We’re out in the desert again at Gilbert Ray Campground near Saguaro National Park, which is about 20 minutes straight west of Tucson. This spot has basically become our weekend home. It’s $10 a night, with plumbed bathrooms and beautiful views of the mountains and fields of saguaros. No wifi, but honestly, it’s a welcome reset.

It’s eight am and Lisa remains curled up in the back of the van, the couch still in bed form, hot water for tea heating up on the stovetop. She’s bullet journaling, which is this crafty form of hyper organizing your life in a notebook. I’m sure she’ll tell you all about it soon enough.

An overcast morning at Saguaro National Park in Arizona.

This type of camping is freeing, at least until you need to take a shower.

Luckily, this week we were able to get clean at new friends’ places. New friend whom we met on couchsurfing.com, which is like Airbnb, but free. At the recommendation of another who’d had good experiences, we gave the site a try.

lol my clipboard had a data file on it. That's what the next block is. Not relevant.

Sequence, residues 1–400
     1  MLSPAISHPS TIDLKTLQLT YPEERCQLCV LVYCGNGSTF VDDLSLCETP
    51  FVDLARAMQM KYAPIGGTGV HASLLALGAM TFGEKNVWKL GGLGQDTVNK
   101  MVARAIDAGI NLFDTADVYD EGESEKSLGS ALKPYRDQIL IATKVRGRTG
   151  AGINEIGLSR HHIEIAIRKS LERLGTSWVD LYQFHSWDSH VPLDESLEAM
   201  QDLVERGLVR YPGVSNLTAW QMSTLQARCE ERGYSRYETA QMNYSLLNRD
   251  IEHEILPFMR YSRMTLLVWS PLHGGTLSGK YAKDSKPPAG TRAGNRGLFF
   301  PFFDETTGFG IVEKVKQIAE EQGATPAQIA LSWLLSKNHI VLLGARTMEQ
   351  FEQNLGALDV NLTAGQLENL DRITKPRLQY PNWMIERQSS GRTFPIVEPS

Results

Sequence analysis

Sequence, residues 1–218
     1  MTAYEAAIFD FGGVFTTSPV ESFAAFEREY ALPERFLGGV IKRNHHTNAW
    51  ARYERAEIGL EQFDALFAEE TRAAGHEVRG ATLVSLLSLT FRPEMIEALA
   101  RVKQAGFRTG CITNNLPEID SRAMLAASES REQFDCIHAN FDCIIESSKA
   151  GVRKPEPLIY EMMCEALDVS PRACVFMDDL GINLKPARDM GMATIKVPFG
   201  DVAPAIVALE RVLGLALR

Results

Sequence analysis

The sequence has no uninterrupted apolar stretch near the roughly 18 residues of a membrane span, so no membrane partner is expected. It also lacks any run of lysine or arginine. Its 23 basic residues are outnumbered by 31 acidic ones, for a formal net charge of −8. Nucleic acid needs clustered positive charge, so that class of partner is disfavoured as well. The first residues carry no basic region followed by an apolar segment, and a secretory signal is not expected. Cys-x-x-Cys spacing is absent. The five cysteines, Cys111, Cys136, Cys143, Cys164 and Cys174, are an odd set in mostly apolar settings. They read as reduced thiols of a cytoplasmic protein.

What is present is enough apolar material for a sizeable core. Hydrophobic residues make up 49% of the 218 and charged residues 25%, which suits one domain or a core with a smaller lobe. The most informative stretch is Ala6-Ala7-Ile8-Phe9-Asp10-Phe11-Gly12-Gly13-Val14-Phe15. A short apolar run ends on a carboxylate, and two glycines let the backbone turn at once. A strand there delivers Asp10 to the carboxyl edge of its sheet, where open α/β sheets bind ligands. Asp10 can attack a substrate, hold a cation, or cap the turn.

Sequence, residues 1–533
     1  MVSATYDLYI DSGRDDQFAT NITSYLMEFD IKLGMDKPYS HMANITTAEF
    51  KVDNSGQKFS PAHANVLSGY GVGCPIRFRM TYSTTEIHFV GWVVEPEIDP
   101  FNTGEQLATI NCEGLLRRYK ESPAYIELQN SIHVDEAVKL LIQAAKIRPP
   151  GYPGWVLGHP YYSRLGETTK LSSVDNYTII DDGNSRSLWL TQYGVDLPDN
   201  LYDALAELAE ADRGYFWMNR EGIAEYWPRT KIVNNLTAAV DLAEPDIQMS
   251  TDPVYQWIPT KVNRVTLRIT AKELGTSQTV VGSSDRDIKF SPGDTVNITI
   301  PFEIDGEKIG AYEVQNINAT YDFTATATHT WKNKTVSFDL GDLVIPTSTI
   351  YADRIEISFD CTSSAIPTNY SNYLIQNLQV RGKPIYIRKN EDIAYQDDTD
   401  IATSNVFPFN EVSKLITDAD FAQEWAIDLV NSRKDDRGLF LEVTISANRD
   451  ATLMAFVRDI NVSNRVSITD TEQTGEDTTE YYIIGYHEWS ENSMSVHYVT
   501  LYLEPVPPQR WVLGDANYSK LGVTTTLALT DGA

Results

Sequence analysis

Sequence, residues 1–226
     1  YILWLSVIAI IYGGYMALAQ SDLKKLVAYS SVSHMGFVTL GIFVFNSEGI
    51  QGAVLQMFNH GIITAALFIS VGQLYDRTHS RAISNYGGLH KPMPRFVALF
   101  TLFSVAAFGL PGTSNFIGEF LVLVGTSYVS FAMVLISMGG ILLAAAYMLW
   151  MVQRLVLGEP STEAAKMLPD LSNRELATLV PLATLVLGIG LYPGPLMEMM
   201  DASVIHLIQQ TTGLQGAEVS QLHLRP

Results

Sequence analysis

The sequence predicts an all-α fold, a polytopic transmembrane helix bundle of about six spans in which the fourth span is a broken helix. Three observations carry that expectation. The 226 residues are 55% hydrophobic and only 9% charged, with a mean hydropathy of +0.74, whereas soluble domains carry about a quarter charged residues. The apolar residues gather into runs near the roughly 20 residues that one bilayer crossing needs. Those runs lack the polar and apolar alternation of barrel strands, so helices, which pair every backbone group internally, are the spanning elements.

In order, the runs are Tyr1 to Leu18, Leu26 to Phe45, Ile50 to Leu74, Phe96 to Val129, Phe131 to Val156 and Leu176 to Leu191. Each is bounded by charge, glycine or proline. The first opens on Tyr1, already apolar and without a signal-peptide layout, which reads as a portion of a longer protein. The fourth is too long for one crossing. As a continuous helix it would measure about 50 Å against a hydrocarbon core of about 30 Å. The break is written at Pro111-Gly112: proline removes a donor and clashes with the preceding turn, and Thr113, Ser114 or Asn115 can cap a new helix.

How have we not done this before?!

First off, yes, I said free. And no, we weren’t even on a couch. Both times, we had private rooms and our own bathrooms in houses owned by women who, if not already, will surely be saints someday.

The first was a young (our age) doctor in residence. She was sweet and chatty and generous, as was her cat. We shared a bunch of meals over the two days we stayed with her, and used her centrally located historic house as home base as we bounced from café to library to cafe. We left with a new friend, a reinvigorated sense of human goodness, and promises to get a drink together sometime soon.

Later in the week, riding the high of the first surfing experience, we checked into another. Our host this time was a 55-yearr-old social worker who has two extra bedrooms that she uses to restate her altruism again and again by hosting travelers like us. While we were there, three other groups of surfers came and went. She was kind and welcoming to them all, as she was to us.

The two hosts we had were different ladies, to be sure, but they shared a basic kindness that you don’t see every day. Goodness for goodness sake. That’s a rare quality, and one that we were lucky to be around for a few days. We’ll definitely be couchsurfing again, and hopefully sometime soon, have the chance to play the part of host.

Because people are good; I honestly believe that. And the desert is warm. Sometimes you’ve just got to open a door to let the warmth in.

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